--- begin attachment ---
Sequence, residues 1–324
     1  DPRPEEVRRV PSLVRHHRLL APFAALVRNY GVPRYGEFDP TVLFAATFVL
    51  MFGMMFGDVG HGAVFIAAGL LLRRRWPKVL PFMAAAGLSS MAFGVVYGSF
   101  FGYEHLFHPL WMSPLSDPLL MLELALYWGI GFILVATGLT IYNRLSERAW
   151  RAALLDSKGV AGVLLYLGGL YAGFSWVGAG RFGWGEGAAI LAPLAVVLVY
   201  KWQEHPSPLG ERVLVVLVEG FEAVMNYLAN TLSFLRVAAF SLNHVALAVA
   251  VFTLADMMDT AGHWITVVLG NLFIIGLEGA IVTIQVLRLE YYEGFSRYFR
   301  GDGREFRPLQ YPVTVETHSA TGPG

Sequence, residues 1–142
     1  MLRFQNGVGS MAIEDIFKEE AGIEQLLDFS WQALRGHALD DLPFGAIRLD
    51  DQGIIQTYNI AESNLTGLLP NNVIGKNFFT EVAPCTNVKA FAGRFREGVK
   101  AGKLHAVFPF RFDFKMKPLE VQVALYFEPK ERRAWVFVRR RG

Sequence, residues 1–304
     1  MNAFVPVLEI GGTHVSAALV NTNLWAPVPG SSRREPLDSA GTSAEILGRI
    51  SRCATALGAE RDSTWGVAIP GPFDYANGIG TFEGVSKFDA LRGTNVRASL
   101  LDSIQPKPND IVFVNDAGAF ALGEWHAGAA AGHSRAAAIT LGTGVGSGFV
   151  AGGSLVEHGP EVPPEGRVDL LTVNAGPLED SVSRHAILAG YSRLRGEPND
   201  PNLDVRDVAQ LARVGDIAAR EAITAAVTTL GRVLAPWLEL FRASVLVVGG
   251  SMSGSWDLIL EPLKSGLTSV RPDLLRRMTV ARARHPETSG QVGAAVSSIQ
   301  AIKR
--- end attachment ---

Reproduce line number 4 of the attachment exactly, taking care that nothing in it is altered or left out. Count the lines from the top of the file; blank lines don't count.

   101  FGYEHLFHPL WMSPLSDPLL MLELALYWGI GFILVATGLT IYNRLSERAW